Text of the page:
By Chris Haak
Back in January, Honda used the Detroit Auto Show to debut lightly-disguised concept versions of its 2012 Civic coupe and sedan. We covered that here already back then, so there’s no need to rehash all of that. In a nutshell, the new Civic is safer, more comfortable, and more efficient than the car it replaces. It’s also slightly – and I mean slightly – better looking than the 2011 car, with a bit more character and visual interest, and more resolved C-pillar treatment, particularly for the sedan.
The car actually went on sale today, April 20, so it’s a good thing that Honda’s press conference wasn’t bumped to day two of the show. The biggest news that we got today on the Civic was pricing and fuel economy figures, neither of which had been confirmed until now.
By Chris Haak
Nissan’s Versa, which competes against subcompacts such as the Honda Fit and Toyota Yaris, has the value proposition of being the “big small car,” and indeed, the current Versa is a relative value. It’s a good car that accomplishes the rare feat of “small on the outside, big on the inside,” but is saddled with oddball looks, as if its designers spent a little too much time with its French cousins from Renault.
Today in New York, the Japanese automaker showed its next-generation Versa (also known as Tiida in other parts of the world). It’s clear that the 2012 Versa’s designers tried very hard to give the car a more fluid, dynamic, upscale shape. It’s not clear, however, that they completely succeeded.
By Chris Haak
I love attending auto shows – I’ve been doing it for two decades. But in recent years, attending an auto show in person has become an exercise of questionable utility. You’re herded like cattle from press conference to press conference. You have to make a choice as to whether you want to hear the press conference or step away to write about something you saw or heard earlier. But lately, it’s also come to the point that there is no such thing as a “reveal.” That’s happened online, either intentionally or unintentionally, in the days or even weeks leading up to the show.
And so it was with the new 2012 Jeep Grand Cherokee SRT8 and 2012 Chrysler 300C SRT8. The Dodge Charger SRT8 was revealed months ago, and it stood to reason that we’d see SRT8 versions of the new Grand Cherokee and 300C as well. Spy photos appeared of the Grand Cherokee SRT8, offering further confirmation that this new vehicle was on its way eventually.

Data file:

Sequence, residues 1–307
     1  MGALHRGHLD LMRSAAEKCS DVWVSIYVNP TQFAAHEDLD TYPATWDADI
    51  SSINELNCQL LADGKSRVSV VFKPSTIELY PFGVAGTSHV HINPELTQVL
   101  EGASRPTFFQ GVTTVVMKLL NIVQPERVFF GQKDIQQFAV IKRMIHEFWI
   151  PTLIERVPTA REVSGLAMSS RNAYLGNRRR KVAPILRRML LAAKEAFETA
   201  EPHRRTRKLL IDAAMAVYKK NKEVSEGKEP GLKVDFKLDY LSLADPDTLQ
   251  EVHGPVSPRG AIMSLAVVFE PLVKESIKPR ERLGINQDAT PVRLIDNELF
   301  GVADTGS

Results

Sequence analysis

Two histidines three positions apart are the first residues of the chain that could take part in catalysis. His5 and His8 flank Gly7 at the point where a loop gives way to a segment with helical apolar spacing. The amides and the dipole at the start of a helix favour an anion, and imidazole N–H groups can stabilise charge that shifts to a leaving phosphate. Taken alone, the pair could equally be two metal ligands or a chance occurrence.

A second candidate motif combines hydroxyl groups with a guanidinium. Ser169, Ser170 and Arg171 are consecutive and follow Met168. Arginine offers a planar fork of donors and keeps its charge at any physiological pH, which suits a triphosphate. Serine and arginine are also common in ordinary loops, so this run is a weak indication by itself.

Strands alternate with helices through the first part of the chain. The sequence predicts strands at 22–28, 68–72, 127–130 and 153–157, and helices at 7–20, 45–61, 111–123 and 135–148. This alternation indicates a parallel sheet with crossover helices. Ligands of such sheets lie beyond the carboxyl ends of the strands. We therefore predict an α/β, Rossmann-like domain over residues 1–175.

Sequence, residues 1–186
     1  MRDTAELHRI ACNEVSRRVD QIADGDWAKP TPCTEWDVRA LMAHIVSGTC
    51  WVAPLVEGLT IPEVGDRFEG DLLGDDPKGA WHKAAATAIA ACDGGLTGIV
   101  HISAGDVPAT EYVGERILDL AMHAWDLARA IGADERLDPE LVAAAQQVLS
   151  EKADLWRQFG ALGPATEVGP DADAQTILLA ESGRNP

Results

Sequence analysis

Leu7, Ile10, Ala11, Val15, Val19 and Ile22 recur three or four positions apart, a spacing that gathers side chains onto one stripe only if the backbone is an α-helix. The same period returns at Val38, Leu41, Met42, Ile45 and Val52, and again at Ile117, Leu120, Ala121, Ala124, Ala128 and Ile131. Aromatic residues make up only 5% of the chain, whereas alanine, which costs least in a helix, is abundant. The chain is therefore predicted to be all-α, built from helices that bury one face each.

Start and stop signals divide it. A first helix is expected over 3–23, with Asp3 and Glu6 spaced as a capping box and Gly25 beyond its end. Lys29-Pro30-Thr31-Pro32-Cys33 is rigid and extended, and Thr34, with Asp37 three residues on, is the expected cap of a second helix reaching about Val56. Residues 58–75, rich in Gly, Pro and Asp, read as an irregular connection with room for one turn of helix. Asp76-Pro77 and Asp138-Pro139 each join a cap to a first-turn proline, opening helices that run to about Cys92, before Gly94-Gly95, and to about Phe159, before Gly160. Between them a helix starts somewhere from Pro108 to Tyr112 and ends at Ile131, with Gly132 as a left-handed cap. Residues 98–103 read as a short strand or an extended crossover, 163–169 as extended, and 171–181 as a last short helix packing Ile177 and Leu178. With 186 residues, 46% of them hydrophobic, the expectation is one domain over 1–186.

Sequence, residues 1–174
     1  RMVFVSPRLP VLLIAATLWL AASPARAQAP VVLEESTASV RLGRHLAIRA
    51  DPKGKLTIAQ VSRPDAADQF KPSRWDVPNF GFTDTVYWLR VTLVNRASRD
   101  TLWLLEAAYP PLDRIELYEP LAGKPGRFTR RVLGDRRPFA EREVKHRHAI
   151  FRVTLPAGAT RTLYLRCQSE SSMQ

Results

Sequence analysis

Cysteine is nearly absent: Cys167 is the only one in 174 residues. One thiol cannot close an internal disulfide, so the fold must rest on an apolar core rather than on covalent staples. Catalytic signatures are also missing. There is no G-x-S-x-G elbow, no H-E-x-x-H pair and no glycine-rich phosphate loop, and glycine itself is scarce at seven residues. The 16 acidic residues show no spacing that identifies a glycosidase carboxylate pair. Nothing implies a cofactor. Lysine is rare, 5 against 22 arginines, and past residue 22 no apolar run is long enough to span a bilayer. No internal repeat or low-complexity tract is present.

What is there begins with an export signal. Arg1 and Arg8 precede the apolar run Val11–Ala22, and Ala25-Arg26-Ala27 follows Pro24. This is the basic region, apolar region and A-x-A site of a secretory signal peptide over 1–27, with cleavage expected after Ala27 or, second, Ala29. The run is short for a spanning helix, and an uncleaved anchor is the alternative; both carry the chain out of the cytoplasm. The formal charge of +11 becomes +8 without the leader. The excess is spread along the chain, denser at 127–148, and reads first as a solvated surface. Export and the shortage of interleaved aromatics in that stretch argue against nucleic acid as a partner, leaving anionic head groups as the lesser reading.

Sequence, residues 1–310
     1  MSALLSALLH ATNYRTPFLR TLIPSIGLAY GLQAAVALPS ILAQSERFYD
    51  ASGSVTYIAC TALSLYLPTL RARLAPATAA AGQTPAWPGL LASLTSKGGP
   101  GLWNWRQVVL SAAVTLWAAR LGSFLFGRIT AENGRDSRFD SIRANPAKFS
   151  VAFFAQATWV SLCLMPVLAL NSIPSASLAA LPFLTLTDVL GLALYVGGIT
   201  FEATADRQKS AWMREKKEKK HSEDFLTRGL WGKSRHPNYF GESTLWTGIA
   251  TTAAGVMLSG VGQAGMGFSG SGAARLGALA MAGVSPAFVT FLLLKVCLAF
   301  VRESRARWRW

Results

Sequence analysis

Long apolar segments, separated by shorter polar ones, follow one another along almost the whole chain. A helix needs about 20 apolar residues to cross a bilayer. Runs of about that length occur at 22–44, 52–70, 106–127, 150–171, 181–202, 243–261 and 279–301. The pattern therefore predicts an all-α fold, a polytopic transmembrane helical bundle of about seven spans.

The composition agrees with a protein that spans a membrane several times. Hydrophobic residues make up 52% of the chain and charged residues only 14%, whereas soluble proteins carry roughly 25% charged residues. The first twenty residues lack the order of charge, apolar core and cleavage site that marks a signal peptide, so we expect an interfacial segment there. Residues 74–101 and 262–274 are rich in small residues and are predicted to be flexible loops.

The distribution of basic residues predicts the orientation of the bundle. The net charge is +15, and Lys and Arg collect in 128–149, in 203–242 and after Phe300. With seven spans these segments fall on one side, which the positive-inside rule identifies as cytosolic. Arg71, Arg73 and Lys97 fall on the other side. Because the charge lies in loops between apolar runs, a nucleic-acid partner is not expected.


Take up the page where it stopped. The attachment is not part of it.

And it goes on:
By Chris Haak
We’re on the ground here in New York at the scenic Jacob Javits Convention Center enjoying the first day of press conferences (the construction along 34th Street leading to the building was particularly lovely) . So far, the show has not disappointed, with far more new-model introductions than we’ve seen in past years.
In just the first two and a half hours, we’ve seen Honda release a Civic Hybrid that gets 44 MPG combined and a non-hybrid Civic that gets 41 MPG on the highway. We’ve seen the amazing Jeep Grand Cherokee SRT8, which adds 45 horsepower and tastefully aggressive body tweaks. Ford has revealed what I believe is its first 2013 production model, the revised Taurus. The new Taurus will get a mid-cycle refresh that changes the front and rear fascias a bit, and adds MyFord Touch to the interior. The Taurus is also getting a 31-MPG 2.5 liter EcoBoost four cylinder option.
By Brendan Moore
The chatter in Washington is that the U.S. Treasury Department is going to sell most of its shares it received in General Motors stock in 2009 as part of the auto industry bailout package, perhaps as early as this summer. The reasons are either political or financial, depending on whom you ask. Some will tell you that the Obama administration wants the sale this year so that the federal bailout of GM is a non-issue in the 2012 presidential election, and some say that the sale is going to happen this year because the Treasury department thinks the current stock price is as high as it’s going to get for the foreseeable future.
Either way, unless the share price climbs above an unlikely $53 a share before the sale date, the Treasury’s dream of making a profit on the bailout is not going to be realized. At $53 a share, the federal government breaks even on the $50 billion it “loaned” GM, but at the current share price of approximately $30 (well below the $33 IPO price of last November, which raised around $20 billion), taxpayers would lose around $11 billion.
The U.S. Treasury currently owns 500 million shares of the reconstituted GM, which represents 33% of the company’s worth.